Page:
posted on Sep, 26 2006 @ 01:55 PM
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I henceforth decree, in the tradition and fashion of my superior, Odium, that the Abzu was moved, stones and all, from ancient Sumer to Abydos, Egypt. You can't prove me wrong and since Odium and I are the professional dispensers of truth in this forum, I'm afraid your proof is not worth considering. The ancient egyptians simply loaded the stones on a barge boat at Eridu, which was right on the Euphrates river and only a hop, skip and a jump, from the ocean. Then they sailed the stones to Abydos along the Nile, where they unloaded them (100 ton stones in some cases) and drug them to the site of the Osirieon. Case closed. No alternative theories allowed. I already know all there is to know on this topic. Sorry.



posted on Sep, 26 2006 @ 02:02 PM
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Undo.

I'll try and make this simple for you.

Person A says you can't lift things over 2 tons using their technology.
Person B says you can.

Person B does so.
Person A is then wrong.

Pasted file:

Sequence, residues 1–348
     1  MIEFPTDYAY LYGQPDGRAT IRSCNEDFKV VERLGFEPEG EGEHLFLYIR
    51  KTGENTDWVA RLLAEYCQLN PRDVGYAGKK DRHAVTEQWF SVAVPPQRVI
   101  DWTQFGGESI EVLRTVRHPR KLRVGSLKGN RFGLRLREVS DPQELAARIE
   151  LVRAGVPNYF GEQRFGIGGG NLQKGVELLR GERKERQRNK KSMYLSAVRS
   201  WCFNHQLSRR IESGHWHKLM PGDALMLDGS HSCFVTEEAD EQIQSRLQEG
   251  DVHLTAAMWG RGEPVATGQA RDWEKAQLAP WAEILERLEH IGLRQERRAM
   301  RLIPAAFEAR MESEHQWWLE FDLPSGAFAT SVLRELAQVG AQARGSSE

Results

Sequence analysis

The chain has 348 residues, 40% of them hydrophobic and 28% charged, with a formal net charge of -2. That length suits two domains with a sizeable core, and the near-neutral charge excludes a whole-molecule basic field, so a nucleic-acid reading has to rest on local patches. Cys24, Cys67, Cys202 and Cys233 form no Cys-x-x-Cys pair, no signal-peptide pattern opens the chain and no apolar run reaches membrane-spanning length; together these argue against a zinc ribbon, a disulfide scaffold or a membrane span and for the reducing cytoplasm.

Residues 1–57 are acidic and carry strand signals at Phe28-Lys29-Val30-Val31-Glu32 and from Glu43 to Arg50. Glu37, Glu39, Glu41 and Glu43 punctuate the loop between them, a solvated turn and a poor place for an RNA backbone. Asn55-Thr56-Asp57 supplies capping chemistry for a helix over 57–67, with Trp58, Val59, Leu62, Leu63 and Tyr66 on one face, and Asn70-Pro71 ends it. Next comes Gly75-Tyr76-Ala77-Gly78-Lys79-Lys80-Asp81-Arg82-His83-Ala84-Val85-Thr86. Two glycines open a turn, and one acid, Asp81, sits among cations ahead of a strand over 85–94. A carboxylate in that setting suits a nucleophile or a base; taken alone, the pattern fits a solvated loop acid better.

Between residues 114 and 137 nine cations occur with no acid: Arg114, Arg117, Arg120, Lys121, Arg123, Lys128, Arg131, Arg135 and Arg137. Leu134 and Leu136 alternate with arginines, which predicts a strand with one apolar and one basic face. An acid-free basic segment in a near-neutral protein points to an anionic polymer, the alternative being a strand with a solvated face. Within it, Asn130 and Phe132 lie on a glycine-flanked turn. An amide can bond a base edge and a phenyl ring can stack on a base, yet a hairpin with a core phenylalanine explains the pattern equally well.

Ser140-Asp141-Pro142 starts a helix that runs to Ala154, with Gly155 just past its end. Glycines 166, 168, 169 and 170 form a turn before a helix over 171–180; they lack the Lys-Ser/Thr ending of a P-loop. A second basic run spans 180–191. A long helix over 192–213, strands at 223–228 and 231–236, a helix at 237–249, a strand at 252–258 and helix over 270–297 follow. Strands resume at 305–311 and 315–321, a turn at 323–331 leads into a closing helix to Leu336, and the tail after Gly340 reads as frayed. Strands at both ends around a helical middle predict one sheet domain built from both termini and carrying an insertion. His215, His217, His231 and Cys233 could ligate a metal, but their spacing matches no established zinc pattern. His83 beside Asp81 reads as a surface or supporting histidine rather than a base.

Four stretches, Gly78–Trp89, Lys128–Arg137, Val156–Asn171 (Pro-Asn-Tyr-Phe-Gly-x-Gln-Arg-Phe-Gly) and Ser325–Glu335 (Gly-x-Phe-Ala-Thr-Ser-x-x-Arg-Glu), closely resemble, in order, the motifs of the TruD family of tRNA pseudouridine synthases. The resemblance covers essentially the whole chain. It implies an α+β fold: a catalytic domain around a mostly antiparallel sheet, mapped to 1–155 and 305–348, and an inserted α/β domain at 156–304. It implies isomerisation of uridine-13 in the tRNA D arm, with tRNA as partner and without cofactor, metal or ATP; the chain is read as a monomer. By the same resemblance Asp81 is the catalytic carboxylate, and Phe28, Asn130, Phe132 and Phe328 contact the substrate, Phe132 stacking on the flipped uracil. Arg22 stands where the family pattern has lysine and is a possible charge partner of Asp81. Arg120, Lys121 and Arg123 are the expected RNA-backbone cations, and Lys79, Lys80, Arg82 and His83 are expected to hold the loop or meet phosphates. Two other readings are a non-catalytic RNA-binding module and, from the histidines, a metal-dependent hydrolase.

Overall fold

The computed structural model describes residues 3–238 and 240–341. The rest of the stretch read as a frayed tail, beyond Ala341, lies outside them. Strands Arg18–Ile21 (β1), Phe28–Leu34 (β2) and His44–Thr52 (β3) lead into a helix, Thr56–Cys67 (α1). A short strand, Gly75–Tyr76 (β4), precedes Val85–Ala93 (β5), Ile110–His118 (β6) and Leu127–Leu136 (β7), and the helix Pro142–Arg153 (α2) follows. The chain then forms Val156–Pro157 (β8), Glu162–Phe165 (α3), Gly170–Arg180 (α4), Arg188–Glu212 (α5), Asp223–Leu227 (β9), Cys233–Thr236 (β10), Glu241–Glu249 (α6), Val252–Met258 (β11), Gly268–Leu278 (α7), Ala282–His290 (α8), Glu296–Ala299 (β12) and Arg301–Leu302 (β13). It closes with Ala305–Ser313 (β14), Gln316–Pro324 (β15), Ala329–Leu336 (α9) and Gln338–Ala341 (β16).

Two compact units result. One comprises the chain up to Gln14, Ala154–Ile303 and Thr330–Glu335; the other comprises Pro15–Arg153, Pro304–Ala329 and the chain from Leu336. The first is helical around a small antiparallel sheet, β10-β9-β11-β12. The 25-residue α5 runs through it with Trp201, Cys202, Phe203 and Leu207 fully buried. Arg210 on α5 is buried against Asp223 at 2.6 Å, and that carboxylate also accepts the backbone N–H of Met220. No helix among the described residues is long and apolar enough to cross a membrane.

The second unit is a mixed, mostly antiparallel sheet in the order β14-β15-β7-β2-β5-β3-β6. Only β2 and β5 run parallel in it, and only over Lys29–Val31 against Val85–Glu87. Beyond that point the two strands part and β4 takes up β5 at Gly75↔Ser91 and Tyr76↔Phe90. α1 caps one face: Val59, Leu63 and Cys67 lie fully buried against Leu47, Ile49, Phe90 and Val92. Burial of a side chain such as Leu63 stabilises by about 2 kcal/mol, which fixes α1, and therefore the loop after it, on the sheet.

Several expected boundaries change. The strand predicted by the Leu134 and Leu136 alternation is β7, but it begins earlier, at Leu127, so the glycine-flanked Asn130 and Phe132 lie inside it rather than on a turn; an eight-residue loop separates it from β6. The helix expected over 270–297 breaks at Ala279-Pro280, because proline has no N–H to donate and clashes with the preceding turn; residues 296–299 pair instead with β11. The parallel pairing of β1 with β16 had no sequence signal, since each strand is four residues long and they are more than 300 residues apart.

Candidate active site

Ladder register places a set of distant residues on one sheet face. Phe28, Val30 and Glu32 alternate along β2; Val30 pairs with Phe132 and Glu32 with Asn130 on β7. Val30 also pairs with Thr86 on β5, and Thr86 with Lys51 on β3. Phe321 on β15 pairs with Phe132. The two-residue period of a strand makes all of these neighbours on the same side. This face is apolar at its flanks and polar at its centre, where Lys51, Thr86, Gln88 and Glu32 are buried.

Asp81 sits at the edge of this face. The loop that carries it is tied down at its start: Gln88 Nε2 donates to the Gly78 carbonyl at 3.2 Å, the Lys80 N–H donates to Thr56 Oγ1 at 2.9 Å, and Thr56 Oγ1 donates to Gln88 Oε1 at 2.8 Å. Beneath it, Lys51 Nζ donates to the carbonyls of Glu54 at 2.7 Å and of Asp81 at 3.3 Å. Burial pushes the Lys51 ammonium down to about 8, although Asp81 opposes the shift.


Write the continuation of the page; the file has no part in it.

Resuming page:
I've named Person B, you've named Person A.

In fact, I did not just name Person B, I named three of them who've all done what Person A said they couldn't. :-) Along with the reference where one of them was in.

In fact, much of what you said seems to come from this guy. Egyptian's not having the wheel during the period - wrong. Not being able to cut the blocks - wrong. So on and so fourth.



posted on Sep, 26 2006 @ 02:07 PM
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Originally posted by Odium
Undo.

I'll try and make this simple for you.

Person A says you can't lift things over 2 tons using their technology.
Person B says you can.

Person B does so.
Person A is then wrong.

I've named Person B, you've named Person A.

In fact, I did not just name Person B, I named three of them who've all done what Person A said they couldn't. :-) Along with the reference where one of them was in.

In fact, much of what you said seems to come from this guy. Egyptian's not having the wheel during the period - wrong. Not being able to cut the blocks - wrong. So on and so fourth.


The problem with that argument is it only addresses one of his points and it does so under the assumption that he wrote this "2 ton" thing after the fact, rather than before. When did person B, do so? What were the circumstances and conditions of doing so? And furthermore, you can be wrong about one theory and still be right about others. One error does not destroy an entire set of evidence. For example, I don't discount everything you say because you falsely assumed I was a man! This is called mutual respect and consideration for the margin of error any researcher might present. You can't allow him a margin of error? Fine, then you can't say another thing in defense of your theory - afterall, you were wrong about something as basic as the gender of the person you were addressing, which gives the impression that you think in stereotypes when the topic is contrary to your current knowledge.